What book sparked your enthusiasm for the natural world?
By Amy Worley, CJS Features Commissioning Editor
I am currently reading Anne of Green Gables by L.M Montgomery to my daughters at bedtime. They are 11 & 9 but we enjoy sharing a book so much that I will continue to read to them as long as I can. Written in 1908, lives at the time ran at a slower pace, and people seemed far more connected with nature than they do today. Life would have been much harder back then, but I often think that a simpler existence without the distractions of so many electronic gadgets would be much more pleasant.
Although there are some words I’ve never come across before and I have to use a dictionary, the text is so imaginative and the descriptions of nature conjure up such images in our minds that we are very much enjoying the book. The following is an extract:
“They had driven over the crest of a hill. Below them was a pond, looking almost like a river so long and winding was it. A bridge spanned it midway, and from there to its lower end, where an amber-hued belt of sand-hills shut it in from the dark gulf beyond, the water was a glory of many shifting hues – the most spiritual shadings of crocus and rose and ethereal green, with other elusive tintings for which no name has ever been found. Above the bridge the pond ran up in to fringing groves of fir and maple and lay all darkly translucent in their wavering shadows. Here and there wild plum leaned out from the bank like a white-clad girl tiptoeing to her own reflection. From the marsh at the head of the pond came the clear, mournfully sweet chorus of the frogs.”
The Anne of the title has an amazing imagination and is influenced greatly by her natural surroundings; I feel it encourages my children to be involved in nature more and more.
There are books of fiction that spark the imagination and draw us in to nature but there are also factual and reference books that allow us to learn more about nature and wildlife.
For International Book Giving Day on 14 February I asked some conservation professionals what books influenced them and what they would like to pass on to the next generation.
Lorna G. : Not specifically a wildlife book, but my favourite children’s book was and still is the Happy Prince by Oscar Wilde. The selfless act of the swallow....
Susan J.: My parents had (I think) a Readers Digest book on British Wildlife, which included wildflowers, trees, insects, birds, mammals, amphibians. Loved looking through it at the illustrations and reading all the details about the different species. Also, Collins Gem guidebooks - they're all fantastic!
Nicola B.: The Redwall series, written by Brian Jacques! Beautiful series of books, all British wildlife and habitats! Absolutely love them and I’ve started reading them to my 1 year old son in the hope they continue to inspire!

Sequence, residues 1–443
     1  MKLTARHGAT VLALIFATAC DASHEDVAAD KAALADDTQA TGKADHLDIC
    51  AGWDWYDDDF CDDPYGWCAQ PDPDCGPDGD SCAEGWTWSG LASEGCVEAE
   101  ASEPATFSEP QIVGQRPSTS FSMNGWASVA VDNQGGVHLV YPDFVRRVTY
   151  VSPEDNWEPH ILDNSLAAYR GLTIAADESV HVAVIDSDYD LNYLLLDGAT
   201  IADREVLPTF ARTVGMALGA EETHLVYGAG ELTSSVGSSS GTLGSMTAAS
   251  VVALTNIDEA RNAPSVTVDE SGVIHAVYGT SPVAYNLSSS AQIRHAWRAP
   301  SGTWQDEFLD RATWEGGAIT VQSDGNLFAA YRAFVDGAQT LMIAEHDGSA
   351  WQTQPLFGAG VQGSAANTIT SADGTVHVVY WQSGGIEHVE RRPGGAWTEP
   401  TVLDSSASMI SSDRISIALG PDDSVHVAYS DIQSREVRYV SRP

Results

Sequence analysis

Kathryn K. still has her battered 1970s copy of Collins Guide to Animal Tracks and Signs.
Jean M.: “The Sword in the Stone”. It doesn’t seem like a wildlife book, but Merlin turns Arthur into a series of animals, each teaching him an important lesson. (And the series of books by T. H. White are all far better than Harry Potter.) Maybe not entirely true to animal behaviour but it got me interested in finding out more about the actual animals and it is a good story.
Two people mentioned the classic Animals of Farthing Wood series by Colin Dann. As relevant to us today as they were in the 80s/90s.
Also getting mentions were The Very Hungry Caterpillar and any Beatrix Potter or Gerald Durrell book.
David P said the books that influenced him were the set of Ladybird book series called What to Look for in the Spring, Summer, Autumn and Winter given to him in the early 1970s by his parents.
Which leads us nicely on to the newly released What to Look for series.
Four new What to Look for… titles will celebrate and modernise the original series of the same name for children today, moving sequentially through all four seasons written by Elizabeth Jenner and with beautiful artwork from the talented Natasha Durley bringing each scene, subject and season to life.
The original What for Look for… books, written by E.L. Grant Watson and illustrated by Charles Tunnicliffe, were published in the late 1950s and early 1960s. These books explored the changes and exciting events that could be observed in nature during each of the four seasons. Inspired by this heritage, the new series has been published 60 years after the original What to Look for in Summer and Autumn hit the bookshelves, to bring a new curiosity and awareness of nature to the next generation of readers. A series of expert-led, contemporary and informative titles, these books are designed to spark the imagination and give child readers the opportunity to learn more about the world.
As conservation professionals you will be well aware of the decline of some of the species featured in the series. There is now very little chance of seeing a turtle dove in summer: once a regular rural visitor the turtle dove is now, according to IUCN Red List of Endangered Species, vulnerable to global extinction.
New additions to the series today include the grey seal and osprey – numbers of which in the UK have greatly increased over the last 60 years.
For more information about the books visit www.penguin.co.uk/ladybird